The intriguing notion here is not necessarily the Super Blood Moon eclipsing, although that is very cool, it’s more, so much more, it is a personal invitation for Debbie and I to not only experience something larger than life, but resonate with it, come to an understanding, heal and most notably, understand we are not alone in our loss.

Many don’t put much into astrology. We find it fascinating. We also tend to research things down to their very core and take notice of the obvious. The factors surrounding the event 33 years ago have once again surfaced. And, like it was then, we found ourselves dealing with the past without understanding that something else was at play here.

Way too many details to get into, needless to say, they are obvious to us, then and now, and we have taken them to heart and mind and feel the soul connection within ourselves and our daughter.

There are things in this world that go unseen, we were lucky enough to open our eyes and catch a glimpse of what was, what is and what possibilities are out there.

Peace,

MAD

MAD Hippies Life is on Facebook and Twitter

I am the Father of a Stillborn

I am the Father of a stillborn. There are times when we are powerless in our situations and find ourselves losing it, falling deeper and deeper into an abyss where there is little light and the feeling of being alone is quite overwhelming.

I am the father of three beautiful daughters, one of which was born still when we were mere teenagers. It has taken me 33 years to allow myself to even remotely think about dealing with it. Anger, frustration and the emptiness of not being able to at least hold her has haunted me for years. I suppose people move on, but the pain never goes away.

I grew up in a broken home. With no male figure to show me the ropes, I learned what I could from what limited exposure I had to my grandfather. The rest came from reading the encyclopedia, disassembling electronic components to see what made them tick, reassembling [some] of those parts to make new inventions of my own and lastly hanging out at the local natural science museum where I would find a passion for not only nature itself, but the details of what makes the cosmos go round.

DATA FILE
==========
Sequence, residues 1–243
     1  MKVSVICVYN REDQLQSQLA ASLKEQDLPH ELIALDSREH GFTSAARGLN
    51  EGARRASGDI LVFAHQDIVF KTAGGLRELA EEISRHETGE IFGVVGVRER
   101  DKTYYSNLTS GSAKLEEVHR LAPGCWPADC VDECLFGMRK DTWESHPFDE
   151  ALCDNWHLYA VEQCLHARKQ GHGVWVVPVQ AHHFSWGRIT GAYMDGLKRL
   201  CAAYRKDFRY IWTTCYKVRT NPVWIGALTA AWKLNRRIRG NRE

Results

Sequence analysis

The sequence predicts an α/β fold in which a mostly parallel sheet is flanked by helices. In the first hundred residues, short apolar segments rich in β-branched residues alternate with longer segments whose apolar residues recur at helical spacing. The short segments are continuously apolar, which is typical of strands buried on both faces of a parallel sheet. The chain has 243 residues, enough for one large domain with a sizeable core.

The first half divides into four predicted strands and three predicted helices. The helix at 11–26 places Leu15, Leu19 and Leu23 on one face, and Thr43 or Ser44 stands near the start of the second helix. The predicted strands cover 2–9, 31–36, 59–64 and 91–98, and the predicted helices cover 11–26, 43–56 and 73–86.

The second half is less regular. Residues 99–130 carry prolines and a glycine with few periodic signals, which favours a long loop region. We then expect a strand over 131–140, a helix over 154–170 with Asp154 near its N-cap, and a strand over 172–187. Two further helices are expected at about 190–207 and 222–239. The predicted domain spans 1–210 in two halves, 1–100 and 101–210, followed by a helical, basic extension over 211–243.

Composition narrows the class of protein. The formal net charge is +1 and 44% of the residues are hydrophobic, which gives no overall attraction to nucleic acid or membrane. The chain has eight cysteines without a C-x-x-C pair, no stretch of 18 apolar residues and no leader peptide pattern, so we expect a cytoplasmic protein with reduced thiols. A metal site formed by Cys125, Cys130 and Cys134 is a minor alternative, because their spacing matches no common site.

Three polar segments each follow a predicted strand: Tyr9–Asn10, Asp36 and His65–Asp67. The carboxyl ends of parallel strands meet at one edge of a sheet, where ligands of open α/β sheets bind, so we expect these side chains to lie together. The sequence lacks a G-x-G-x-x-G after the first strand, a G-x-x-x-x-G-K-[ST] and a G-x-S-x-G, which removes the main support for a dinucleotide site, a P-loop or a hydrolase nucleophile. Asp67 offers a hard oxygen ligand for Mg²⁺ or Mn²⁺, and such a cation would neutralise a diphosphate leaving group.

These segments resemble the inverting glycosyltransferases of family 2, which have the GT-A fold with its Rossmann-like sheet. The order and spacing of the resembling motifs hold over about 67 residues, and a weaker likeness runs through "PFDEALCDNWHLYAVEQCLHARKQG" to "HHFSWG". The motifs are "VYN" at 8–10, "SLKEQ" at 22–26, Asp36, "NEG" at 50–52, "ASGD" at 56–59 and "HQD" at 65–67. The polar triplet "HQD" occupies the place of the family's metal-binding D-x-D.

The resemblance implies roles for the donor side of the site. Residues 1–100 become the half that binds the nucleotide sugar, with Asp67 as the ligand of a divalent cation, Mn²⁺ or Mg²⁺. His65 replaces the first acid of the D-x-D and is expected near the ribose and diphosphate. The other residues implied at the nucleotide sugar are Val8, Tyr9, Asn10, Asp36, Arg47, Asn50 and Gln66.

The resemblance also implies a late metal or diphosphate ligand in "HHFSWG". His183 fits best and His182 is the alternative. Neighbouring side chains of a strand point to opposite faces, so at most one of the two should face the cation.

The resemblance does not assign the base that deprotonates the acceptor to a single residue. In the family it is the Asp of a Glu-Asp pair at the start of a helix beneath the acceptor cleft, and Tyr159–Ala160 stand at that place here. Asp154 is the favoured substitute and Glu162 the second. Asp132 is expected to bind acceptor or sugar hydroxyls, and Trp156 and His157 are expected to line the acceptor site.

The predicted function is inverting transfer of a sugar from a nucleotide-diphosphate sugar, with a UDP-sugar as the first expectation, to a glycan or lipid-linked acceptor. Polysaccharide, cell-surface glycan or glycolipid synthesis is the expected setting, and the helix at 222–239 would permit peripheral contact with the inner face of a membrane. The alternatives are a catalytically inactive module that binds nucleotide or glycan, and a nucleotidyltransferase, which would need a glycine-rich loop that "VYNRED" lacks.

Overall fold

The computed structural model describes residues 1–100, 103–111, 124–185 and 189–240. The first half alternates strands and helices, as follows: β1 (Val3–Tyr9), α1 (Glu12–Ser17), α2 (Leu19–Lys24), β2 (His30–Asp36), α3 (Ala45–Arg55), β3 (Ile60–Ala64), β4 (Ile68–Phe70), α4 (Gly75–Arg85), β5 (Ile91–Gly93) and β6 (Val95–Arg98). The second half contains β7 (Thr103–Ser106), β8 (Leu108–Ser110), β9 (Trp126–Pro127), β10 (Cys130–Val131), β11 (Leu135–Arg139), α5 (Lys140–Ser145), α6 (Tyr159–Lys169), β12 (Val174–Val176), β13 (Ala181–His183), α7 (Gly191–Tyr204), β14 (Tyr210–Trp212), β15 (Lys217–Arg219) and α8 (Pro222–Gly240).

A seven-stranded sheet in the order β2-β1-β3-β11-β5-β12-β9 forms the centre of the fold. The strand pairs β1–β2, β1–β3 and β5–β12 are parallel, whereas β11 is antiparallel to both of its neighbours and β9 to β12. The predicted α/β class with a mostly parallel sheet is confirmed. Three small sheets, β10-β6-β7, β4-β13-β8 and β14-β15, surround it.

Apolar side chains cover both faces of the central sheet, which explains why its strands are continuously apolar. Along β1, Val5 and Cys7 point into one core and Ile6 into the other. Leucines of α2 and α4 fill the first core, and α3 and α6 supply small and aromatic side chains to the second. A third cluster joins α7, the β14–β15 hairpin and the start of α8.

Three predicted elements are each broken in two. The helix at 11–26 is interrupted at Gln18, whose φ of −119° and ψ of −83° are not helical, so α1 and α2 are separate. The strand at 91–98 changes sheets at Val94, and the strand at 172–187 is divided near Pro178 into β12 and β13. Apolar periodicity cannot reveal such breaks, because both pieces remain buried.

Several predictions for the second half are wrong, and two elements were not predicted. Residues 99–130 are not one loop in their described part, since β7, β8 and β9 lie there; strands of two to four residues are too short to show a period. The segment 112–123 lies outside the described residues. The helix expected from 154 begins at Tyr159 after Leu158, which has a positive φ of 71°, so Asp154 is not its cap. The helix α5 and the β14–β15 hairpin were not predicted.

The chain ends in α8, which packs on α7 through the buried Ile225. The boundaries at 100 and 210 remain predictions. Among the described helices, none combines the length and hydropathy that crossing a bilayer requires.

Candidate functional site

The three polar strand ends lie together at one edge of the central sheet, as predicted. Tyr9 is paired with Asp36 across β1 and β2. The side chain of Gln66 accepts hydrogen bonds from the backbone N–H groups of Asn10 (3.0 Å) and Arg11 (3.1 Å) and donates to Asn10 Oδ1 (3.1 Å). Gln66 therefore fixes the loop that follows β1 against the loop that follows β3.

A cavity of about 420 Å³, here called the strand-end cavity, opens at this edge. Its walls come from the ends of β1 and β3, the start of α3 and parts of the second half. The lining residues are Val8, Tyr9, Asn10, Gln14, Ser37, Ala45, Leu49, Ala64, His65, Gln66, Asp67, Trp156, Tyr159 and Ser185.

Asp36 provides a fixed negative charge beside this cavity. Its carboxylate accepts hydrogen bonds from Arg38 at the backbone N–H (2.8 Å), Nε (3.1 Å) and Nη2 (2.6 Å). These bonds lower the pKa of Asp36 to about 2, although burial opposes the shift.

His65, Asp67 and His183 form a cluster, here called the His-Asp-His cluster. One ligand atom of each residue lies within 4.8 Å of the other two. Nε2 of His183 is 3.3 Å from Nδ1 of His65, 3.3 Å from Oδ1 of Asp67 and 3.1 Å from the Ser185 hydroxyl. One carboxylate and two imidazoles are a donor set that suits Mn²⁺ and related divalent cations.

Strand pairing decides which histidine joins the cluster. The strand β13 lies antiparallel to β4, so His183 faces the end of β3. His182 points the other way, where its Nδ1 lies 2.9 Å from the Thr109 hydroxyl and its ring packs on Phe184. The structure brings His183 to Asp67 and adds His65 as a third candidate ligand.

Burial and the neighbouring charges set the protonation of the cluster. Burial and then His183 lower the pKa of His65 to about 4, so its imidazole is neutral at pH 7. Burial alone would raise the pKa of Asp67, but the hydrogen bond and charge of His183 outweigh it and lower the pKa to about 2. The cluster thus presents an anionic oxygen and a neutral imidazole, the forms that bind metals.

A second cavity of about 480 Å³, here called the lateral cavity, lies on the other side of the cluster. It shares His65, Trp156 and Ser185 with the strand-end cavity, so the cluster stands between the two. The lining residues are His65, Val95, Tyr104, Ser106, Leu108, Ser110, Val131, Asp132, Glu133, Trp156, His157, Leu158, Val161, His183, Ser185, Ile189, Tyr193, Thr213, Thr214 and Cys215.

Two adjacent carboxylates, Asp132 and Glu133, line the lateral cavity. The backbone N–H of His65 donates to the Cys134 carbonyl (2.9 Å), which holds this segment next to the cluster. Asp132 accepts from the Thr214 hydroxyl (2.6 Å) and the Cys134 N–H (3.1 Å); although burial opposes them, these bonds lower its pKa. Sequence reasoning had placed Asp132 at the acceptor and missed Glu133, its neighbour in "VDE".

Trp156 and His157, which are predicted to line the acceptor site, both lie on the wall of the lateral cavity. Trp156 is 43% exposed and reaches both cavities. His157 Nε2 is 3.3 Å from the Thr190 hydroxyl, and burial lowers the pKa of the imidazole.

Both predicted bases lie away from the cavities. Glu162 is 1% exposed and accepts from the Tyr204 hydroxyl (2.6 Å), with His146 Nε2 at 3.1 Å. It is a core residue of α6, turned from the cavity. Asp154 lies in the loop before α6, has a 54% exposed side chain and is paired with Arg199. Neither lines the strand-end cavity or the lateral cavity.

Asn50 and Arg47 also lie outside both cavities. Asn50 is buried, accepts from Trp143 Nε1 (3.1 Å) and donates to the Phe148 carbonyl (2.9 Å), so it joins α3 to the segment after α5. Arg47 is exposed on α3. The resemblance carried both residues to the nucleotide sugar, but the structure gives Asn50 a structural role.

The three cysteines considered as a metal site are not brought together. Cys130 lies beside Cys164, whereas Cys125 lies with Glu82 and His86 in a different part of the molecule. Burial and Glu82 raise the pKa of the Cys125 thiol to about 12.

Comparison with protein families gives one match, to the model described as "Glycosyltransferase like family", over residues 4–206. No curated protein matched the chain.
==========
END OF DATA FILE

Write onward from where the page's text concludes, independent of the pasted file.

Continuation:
Thank G-d for the Undersea World of Jacques Cousteau, Mutual of Omaha’s Wild Kingdom, NASA and an early appreciation for music.

Never being much for crowds, I was somewhat of a loner. Not necessarily an outcast, but perhaps by choice. I just didn’t feel comfortable around a lot of people. I didn’t get them and felt they didn’t get me. Though perhaps in their defense, I didn’t get me. I had no “group” to fit into and for the most part dissociated with society in general.

I never put much faith in political, business and religious leaders, much less anyone else in an authoritative role. Not as to be rebellious, I just saw contradiction everywhere.

Trust in humanity was not there for me. I watched, from a distance, and was confused at how people treated each other. To me, the world seemed a cruel and unjust place. I sunk further into my personal self and focused on the natural world. Animals, weather and the universe at large made more sense to me than the typical household union.

I saw patterns in everything from seashells to the planetary orbits and became intrigued by the notion that there was much more to life than what meets the eye.

I spent most of my early childhood this way. Doubtful most people who knew me even remotely knew the personal hell I lived with daily. I learned not to ask questions simply because I never received an answer.

By the time high school came around, I was a complete wreck. I was just sick and tired of society and was becoming more angry all the time. Nothing, if anything, gave me solace. What, if any, real relationships I had with people just seemed awkward. Spending any time in nature, even if that meant climbing a tree in my yard, was good. Music became my outlet and as soon as I could get a pair of headphones on my head I could just close my eyes and slip into a world of musical mystery. I learned the songs and replayed them time and time again, picking out an instrument to listen to at times, and at other times I just focused on the meaning of the song.

Indeed, between the melodramatic sounds of certain bands and the depth of the lyrics that seemed to ask the same questions I had, I had found a place where I could be alone in my thoughts and feel comfortable.